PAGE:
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Show and tell

Show the readers everything, tell them nothing. ― Ernest Hemingway

Writers are frequently admonished to show not tell, but what does that mean exactly? I’m no master yet, but Mary Buckham’s recent Body Language and Emotion class has helped a lot.

(Seriously, if you get the chance to take anything she teaches, spend the money.)

Think of the movies. The best actors are those who can convey their thoughts and emotions without saying a word. In a well-written book, the characters do the same thing.

In my own work, I have whole scenes where the characters talk and move around the imaginary space, but the scenes feel like they move too fast. They’re flat and lacking emotion.

I don’t want over-the-top drama, and there are times when it makes sense to just “tell” and move on, but part of the reader’s experience is the vicarious emotion of the characters. If we don’t give them that, they won’t come back for more. To get them involved, we not only need to tell them what the characters are doing, but more importantly, show how the characters are doing it.

Here’s an example of telling:

Jenny gave him a nervous glance. “I didn’t take it.”

Gavin didn’t believe her. He could always tell when she lied.

The passage above gets the point across, but I’m telling you what kind of look she gave him, telling you that he didn’t believe her, and telling you why. Wouldn’t it be stronger and more interesting if I showed you what each character was feeling and let you name the emotions yourself?

Here’s my effort to rewrite with nonverbal cues to show you what’s going on:

Jenny met his gaze briefly, then dropped her focus to the woolen rug near her feet. She tucked an arm across her stomach and smoothed her skirt repeatedly with her palm. “I didn’t take it.”

Gavin snorted and shook his head. She gave her away her lie with every move.

That could probably use an editor’s red pen, but still, I think the second passage is richer. It involves the reader more. I didn’t name a single emotion, but I’ll bet you figured them out anyway.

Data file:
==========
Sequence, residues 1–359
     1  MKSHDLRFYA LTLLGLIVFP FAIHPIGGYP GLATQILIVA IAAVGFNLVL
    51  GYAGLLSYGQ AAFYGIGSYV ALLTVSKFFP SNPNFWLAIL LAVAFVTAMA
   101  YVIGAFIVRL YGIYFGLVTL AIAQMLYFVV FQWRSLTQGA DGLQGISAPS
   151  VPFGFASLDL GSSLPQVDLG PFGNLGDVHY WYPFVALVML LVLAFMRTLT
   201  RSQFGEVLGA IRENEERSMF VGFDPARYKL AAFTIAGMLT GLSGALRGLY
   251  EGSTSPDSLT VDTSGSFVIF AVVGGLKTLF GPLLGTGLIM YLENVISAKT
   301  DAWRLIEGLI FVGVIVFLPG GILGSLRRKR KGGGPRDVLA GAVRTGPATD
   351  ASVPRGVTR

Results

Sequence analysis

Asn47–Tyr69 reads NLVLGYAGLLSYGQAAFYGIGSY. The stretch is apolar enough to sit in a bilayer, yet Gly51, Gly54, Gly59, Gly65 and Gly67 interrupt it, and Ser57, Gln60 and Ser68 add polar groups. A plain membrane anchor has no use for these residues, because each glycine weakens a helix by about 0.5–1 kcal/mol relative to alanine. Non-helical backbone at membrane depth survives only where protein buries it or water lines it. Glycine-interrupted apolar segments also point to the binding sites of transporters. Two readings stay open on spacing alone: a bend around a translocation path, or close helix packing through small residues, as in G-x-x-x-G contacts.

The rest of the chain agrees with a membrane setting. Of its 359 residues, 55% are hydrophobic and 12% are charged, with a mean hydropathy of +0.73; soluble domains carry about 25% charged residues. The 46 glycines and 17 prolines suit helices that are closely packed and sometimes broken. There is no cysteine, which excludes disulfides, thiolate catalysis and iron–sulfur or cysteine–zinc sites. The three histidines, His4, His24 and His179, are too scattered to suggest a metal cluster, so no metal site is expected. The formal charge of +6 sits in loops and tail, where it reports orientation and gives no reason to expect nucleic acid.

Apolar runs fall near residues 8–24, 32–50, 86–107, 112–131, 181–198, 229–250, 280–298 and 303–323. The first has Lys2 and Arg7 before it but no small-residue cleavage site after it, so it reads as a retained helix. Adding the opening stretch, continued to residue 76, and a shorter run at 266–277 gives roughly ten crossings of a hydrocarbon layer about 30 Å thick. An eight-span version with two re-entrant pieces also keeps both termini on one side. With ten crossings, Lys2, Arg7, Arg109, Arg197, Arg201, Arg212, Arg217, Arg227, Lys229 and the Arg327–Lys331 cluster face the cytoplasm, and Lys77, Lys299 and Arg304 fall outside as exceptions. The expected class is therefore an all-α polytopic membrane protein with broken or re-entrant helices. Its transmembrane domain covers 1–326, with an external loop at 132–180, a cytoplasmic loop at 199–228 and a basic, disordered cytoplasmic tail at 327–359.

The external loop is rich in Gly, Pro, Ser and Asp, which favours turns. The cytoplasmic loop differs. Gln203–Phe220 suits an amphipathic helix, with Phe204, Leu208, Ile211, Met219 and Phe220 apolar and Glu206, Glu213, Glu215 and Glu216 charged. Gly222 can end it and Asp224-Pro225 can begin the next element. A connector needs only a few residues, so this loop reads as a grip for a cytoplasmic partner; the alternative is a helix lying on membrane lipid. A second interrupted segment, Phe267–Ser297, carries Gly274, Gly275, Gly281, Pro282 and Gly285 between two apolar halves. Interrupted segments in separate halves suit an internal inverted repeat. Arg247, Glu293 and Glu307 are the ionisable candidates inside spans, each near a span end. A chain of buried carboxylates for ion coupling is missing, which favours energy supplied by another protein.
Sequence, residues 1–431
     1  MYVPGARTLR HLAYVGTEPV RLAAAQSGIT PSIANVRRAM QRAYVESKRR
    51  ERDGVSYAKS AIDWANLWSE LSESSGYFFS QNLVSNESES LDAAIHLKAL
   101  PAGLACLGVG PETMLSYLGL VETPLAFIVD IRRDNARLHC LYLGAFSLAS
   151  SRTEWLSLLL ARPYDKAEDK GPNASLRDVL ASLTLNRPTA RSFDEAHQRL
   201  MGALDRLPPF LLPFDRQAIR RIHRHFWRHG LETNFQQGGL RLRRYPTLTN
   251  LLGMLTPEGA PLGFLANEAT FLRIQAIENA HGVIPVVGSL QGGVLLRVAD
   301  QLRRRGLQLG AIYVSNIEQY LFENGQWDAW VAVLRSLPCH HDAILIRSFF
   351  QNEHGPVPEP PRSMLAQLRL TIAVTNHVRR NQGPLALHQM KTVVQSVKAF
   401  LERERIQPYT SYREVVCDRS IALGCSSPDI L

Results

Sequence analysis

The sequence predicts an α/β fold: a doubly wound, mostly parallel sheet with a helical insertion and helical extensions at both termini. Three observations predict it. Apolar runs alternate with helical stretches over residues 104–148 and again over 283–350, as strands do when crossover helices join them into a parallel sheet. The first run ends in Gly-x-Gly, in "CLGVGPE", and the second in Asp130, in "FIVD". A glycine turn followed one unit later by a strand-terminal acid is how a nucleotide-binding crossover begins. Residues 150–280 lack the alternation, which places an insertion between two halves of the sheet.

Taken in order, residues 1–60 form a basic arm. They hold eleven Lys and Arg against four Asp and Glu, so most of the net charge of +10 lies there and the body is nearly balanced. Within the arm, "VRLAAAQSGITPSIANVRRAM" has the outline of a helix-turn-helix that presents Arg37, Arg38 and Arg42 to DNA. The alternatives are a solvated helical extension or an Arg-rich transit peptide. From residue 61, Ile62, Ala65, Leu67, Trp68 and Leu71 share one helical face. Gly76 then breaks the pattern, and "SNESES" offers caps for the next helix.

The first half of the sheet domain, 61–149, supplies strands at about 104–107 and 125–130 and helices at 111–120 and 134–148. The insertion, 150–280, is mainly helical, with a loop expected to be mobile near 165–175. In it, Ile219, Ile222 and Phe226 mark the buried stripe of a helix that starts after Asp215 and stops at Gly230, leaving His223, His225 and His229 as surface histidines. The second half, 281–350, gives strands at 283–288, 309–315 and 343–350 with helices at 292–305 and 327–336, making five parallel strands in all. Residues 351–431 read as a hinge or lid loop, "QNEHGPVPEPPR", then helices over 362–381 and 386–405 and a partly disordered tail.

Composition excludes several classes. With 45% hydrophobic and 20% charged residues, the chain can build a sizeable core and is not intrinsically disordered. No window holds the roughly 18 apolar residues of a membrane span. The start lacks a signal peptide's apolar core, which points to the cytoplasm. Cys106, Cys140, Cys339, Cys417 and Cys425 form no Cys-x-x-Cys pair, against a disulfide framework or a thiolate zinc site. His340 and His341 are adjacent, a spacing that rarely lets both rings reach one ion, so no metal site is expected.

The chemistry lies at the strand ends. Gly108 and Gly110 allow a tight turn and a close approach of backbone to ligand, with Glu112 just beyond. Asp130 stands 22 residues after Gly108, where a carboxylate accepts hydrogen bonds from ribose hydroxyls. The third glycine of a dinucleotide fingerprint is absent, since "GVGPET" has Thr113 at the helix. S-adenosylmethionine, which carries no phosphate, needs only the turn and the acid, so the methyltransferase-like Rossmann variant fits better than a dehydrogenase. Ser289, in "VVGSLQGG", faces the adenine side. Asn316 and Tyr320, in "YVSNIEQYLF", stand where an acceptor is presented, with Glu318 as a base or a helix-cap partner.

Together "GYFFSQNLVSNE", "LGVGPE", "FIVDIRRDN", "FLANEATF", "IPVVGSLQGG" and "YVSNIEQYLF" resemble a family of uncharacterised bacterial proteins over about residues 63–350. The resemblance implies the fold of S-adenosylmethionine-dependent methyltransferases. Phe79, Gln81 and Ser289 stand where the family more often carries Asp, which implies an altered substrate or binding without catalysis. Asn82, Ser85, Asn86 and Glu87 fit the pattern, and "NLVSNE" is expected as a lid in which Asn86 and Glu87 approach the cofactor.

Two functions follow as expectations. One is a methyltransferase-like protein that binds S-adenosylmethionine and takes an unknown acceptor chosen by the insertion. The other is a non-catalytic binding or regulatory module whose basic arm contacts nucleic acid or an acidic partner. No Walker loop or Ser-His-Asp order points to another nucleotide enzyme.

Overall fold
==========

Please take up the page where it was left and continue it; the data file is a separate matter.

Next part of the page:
Next time your hero crosses a room, show the reader how he does it. Instead of merely walking he could stomp, stalk, or skip even. Don’t let the heroine hold a letter in her hand just to break up a paragraph of dialogue. Have her fold it into careful pleats, squeeze it in her fist, shred it, or clasp it to her chest.

Combine those actions with a few other telling, er, showing moves and your story will come to life.

We have to move our characters around their world—what Mary Buckham calls choreography—so why not make those moves mean something?

Image credit: Kuroda Seiki [Public domain], via Wikimedia Commons

Emotional outlet

The Bookshelf MuseHow many ways can you think of to express your character’s anxiety? His happiness? Her anger?

Does your antagonist always look behind him? Does your hero clench his fists every time? Does your heroine’s mouth flatten over and over?

A traditional thesaurus may not help when you want to describe the actions and reactions of your characters in different ways. What you need is the Emotion Thesaurus, brainchild of The Bookshelf Muse bloggers Angela Ackerman and Becca Puglisi.

It’s awesome!

Not only do they have lists of ideas for showing a character’s emotion through action, they have thesauri for Settings, Weather, Colors and Textures, and Character Traits.

This is writerly gold.

I’ve gotten to the point where I just leave the site open in my browser when I’m writing. Bookmark it now and you’ll thank me later.

Got any great resources up your fingerless mittens? Please share!

Space and Time (Bonus Friday post)

You can also catch this post over at Romance Magicians

What do Einstein and writing guru Dwight V. Swain have in common? The theory of relativity. Einstein once famously said, “Put your hand on a hot stove for a minute, and it seems like an hour. Sit with a pretty girl for an hour, and it seems like a minute. THAT’S relativity.”

Dwight V. Swain, in his epic tome on writing, TECHNIQUES OF THE SELLING WRITER, said, “In writing, you translate tension into space: The more tense the situation as your focal character experiences it, the more words you give it.”

I don’t know why, but that one short passage in Swain’s book stopped me short with its brilliance.

Have you ever heard Captain Sullenberger talk about his experience landing flight on the Hudson River? When he listens to the flight recorder playback, the whole event takes place in mere minutes. And yet while he was going through it, time seemed to slow down. The volume of information and emotions he processed in that short period of time made it seem many times longer than the reality.

So if we follow Swain’s advice, we can give our readers an easy clue about how momentous an event is by how much space (i.e. relative time) we allot to it in our story.